[OpenID board] Connect WG
dick.hardt at gmail.com
Sun Jun 6 03:27:46 UTC 2010
On 2010-06-05, at 10:47 AM, Chris Messina wrote:
> On Sat, Jun 5, 2010 at 7:35 AM, Dick Hardt <dick.hardt at gmail.com> wrote:
> OAuth 2.0 does NOT solve the problems that OpenID was trying to solve. It is NOT a distributed identity system. If you can make discovery work for OAuth, then you can make it work for OpenID. OAuth implementations today do NOT have discovery.
> Perhaps standards groups like the OpenID Foundation operate in a slightly different marketplace-twilight zone, but I'm curious how we define our customers — and how that definition should or shouldn't affect the work that gets done.
> For example, Luke — representing Facebook — is saying that there's not been sufficient adoption of OpenID over the past several years, and for the use cases that I've cared most about, I would agree with that assessment. It is not the case that OpenID hasn't been adopted — but that OpenID simply isn't the only game in town anymore, and that the market demand in the consumer space was unearthed and capitalized on by the likes of Facebook and Twitter, and NOT the many other OpenID providers.
The Facebook and Twitter identity systems are silos. We have seen this game before in online communities and email systems. The truly distributed system eventually wins, but short term it is easier when it is all packaged up nice. Facebook Connect is clearly a better solution than OpenID today. That is because the distributed identity problem is much harder than the federated, single vendor problem.
> Facebook is saying that they want to work through the OpenID Foundation to help develop a technology solution that is more like what the market has already adopted — but that adds in discovery to aid in decentralizing identity, at least in a very primitive way (hence the Connect proposal).
> Dick, you seem to be saying that OAuth is not a distributed identity system, but that if discovery were defined for it (along with auto-registration of clients), then it would be useful as a distributed identity technology. Am I getting that right?
I am saying that OAuth is missing what was hard in OpenID. The hard thing about distributed identity is discovery.
> I think the divide here comes down to whether the OIDF should be focused on what the market demands and is willing to adopt *today*, or instead on the set of technologies that may enable distributed identity solutions *tomorrow*.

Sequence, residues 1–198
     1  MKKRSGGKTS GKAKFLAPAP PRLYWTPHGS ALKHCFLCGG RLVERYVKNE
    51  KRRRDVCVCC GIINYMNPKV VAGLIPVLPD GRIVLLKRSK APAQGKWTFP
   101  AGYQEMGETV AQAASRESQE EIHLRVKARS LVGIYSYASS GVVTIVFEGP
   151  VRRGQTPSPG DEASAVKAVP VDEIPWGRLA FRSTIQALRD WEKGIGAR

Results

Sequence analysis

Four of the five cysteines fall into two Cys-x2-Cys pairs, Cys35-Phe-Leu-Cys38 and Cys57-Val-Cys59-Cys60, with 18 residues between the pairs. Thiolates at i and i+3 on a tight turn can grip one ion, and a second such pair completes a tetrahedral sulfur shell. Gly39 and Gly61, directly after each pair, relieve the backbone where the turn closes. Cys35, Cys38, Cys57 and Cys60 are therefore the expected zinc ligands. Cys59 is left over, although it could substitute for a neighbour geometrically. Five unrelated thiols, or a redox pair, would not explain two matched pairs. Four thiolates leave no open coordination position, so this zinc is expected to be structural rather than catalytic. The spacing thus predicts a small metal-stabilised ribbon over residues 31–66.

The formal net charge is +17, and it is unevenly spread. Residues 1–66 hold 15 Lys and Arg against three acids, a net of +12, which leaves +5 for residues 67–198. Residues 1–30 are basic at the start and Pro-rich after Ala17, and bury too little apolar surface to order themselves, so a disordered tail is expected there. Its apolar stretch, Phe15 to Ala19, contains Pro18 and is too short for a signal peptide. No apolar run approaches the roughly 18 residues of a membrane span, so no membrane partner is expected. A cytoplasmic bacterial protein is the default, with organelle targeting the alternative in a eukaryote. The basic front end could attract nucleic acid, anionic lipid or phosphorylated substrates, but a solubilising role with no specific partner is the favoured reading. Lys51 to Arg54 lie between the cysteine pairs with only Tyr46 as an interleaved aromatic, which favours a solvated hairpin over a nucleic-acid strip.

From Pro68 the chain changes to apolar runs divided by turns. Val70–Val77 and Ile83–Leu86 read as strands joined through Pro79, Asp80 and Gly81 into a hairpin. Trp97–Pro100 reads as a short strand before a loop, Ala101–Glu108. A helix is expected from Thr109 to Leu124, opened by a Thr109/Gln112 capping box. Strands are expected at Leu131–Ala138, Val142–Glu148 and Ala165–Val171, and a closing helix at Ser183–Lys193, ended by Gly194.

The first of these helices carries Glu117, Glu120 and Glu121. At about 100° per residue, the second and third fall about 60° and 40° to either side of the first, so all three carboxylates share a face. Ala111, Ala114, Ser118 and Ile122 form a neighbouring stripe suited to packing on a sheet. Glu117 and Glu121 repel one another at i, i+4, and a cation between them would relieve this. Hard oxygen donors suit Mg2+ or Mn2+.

There are many other members of the market than Facebook. Regardless, I would welcome a REAL technical discussion about what we do. I have raised a number of technical issues with Connect. The answers tend to be "we will solve that later".
> My fear — which has been consistent — is that if we don't respond to the market's desires today (represented by Facebook, Yahoo, and other's comments) then we won't be part of the conversation when potential adopters are looking for better solutions tomorrow.
v.Next was responding to the market's requirements for changes in OpenID. We have not been very good at moving that forward to date. Hopefully that will change.
> So, if we spin out the Connect proposal — or cause it so much friction that it can't effectively proceed here — then by the time the ill-named v.Next proposal is completed (with all of the "necessary" use cases addressed), the world may have moved on, and the Foundation proven irrelevant. I don't see it as an all-or-nothing situation, but as others have said, there will be an identity piece baked into OAuth sooner than later, and if that work doesn't happen within the OIDF, we're going to be pitching a product that no one has really said that they want, or are currently signing up to implement, based on the lack of clarity in the description of v.Next today, whereas there are already working prototypes of the Connect proposal in the wild.
> There needs to be a bridge between OpenID 2.0 — which is a perfectly fine solution for many use cases today — and the next iterations of OpenID 2.x and beyond.
I am ok with us having a Connect WG. I am not ok with the current charter. I provided significant constructive feedback on the charter. I would like to see a revised charter that we can all work on. Then we can have the technical discussion.
fwiw: I truly appreciate your tone and you taking the time to respond! :)
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